# Abstract

Statistical mechanics is often taken to be the paradigm of a successful inter-theoretic reduction, which explains the high-level phenomena (primarily those described by thermodynamics) by using the fundamental theories of physics together with some auxiliary hypotheses. In my view, the scope of statistical mechanics is wider since it is the type-identity physicalist account of all the special sciences. But in this chapter, I focus on the more traditional and less controversial domain of this theory, namely, that of explaining the thermodynamic phenomena.What are the fundamental theories that are taken to explain the thermodynamic phenomena? The lively research into the foundations of classical statistical mechanics suggests that using classical mechanics to explain the thermodynamic phenomena is fruitful.
Strictly speaking, in contemporary physics, classical mechanics is considered to be false. Since classical mechanics preserves certain explanatory and predictive aspects of the true fundamental theories, it can be successfully applied in certain cases. In other circumstances, classical mechanics has to be replaced by quantum mechanics. In this chapter I ask the following two questions:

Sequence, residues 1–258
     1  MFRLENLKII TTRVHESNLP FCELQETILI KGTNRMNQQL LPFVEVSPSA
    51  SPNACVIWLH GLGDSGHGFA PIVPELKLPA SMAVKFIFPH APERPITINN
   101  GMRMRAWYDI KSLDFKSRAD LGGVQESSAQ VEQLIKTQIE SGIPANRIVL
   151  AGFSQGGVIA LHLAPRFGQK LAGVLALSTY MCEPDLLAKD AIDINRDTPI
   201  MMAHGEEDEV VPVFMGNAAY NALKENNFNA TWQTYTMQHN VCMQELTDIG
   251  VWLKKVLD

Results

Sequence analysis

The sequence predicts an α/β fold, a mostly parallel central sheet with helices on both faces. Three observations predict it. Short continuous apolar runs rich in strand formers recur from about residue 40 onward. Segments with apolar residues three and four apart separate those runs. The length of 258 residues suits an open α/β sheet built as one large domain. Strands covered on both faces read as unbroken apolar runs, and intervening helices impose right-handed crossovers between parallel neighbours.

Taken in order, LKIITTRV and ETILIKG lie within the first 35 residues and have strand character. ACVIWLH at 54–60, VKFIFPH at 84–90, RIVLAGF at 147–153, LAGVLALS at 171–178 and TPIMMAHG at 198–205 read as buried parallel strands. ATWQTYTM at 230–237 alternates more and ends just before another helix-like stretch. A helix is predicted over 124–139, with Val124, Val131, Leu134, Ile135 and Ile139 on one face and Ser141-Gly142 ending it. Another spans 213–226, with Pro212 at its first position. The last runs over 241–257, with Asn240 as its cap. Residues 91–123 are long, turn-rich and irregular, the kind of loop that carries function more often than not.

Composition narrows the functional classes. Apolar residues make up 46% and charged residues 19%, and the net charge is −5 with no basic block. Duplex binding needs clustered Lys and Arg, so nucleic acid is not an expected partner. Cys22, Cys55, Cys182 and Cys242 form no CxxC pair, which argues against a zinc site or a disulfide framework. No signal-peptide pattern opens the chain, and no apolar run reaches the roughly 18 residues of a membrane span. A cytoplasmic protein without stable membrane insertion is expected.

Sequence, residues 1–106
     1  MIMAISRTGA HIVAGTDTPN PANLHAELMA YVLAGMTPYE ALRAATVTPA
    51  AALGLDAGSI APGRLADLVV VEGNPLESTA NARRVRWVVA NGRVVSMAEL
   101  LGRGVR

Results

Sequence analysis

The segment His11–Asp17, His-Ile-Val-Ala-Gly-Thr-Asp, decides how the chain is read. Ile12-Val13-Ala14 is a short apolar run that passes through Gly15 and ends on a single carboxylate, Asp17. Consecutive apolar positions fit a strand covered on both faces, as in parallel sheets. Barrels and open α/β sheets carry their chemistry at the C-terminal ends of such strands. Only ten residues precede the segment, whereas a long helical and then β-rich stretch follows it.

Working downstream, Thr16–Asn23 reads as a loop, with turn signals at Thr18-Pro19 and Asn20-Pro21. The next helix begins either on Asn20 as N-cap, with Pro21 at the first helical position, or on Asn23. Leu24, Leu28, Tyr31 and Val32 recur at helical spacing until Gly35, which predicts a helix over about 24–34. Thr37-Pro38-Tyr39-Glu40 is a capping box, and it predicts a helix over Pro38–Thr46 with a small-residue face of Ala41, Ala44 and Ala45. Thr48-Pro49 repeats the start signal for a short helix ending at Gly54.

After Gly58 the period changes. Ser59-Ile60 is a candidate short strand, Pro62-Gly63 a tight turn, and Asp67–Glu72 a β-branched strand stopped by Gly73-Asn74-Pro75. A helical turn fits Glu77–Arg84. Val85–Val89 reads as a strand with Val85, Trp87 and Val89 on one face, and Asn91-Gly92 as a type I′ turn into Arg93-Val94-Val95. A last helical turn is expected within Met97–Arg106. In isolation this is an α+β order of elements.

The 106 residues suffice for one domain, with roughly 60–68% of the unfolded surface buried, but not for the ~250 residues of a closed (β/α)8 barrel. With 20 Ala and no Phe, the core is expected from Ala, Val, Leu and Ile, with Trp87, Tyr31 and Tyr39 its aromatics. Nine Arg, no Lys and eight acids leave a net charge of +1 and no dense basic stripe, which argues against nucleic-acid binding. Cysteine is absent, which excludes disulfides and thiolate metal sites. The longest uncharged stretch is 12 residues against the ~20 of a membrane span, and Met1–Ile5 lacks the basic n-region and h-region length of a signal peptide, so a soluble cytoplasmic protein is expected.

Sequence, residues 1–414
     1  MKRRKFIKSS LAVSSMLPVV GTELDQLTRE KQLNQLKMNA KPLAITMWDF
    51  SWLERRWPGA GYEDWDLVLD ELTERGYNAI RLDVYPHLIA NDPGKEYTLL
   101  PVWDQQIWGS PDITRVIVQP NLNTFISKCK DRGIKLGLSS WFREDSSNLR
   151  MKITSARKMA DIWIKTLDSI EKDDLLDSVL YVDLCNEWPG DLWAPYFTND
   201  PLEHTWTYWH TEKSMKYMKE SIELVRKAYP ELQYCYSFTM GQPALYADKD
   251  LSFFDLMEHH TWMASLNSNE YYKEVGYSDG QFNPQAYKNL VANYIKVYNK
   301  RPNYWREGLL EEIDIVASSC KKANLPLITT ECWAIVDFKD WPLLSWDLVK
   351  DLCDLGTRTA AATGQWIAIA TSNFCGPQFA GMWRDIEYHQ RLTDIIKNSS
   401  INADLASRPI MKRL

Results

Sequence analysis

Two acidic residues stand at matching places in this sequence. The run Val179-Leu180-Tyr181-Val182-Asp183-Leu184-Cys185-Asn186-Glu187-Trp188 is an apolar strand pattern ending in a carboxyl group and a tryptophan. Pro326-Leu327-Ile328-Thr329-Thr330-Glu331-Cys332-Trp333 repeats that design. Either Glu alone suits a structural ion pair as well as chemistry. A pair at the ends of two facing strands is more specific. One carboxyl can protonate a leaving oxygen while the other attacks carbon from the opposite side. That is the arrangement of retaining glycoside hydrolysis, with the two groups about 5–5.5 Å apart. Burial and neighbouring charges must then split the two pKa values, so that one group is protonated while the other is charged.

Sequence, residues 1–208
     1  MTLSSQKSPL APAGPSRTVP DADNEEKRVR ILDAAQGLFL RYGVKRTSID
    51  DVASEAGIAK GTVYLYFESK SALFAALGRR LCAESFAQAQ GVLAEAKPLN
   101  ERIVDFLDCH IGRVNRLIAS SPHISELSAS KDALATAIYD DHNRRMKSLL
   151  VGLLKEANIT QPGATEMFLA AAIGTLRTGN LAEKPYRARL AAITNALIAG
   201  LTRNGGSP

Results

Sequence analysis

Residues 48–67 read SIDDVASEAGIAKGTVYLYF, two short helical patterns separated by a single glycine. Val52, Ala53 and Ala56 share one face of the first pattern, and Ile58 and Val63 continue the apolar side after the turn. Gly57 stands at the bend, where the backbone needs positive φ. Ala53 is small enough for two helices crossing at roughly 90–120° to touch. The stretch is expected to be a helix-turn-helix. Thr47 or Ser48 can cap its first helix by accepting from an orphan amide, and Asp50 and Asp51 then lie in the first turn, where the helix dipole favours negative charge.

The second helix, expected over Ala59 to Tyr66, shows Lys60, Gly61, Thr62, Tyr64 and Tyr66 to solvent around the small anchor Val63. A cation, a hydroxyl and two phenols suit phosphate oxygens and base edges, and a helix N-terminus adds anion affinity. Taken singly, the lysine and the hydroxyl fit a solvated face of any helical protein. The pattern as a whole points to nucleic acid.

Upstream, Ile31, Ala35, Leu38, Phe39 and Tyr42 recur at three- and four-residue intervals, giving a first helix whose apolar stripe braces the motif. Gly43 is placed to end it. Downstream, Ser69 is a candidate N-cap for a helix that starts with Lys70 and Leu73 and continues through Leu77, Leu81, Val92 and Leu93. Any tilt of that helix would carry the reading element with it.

I) How does quantum statistical mechanics differ from classical statistical mechanics? How are
the well-known differences between the two fundamental theories reflected in the statistical
mechanical account of high-level phenomena?
II) How does quantum statistical mechanics differ from quantum mechanics simpliciter?
To make our main points I need to only consider non-relativistic quantum mechanics. Most of the ideas described and addressed in this chapter hold irrespective of the choice of a (so-called) interpretation of quantum mechanics, and so I will mention interpretations only when the differences between them are important to the matter discussed.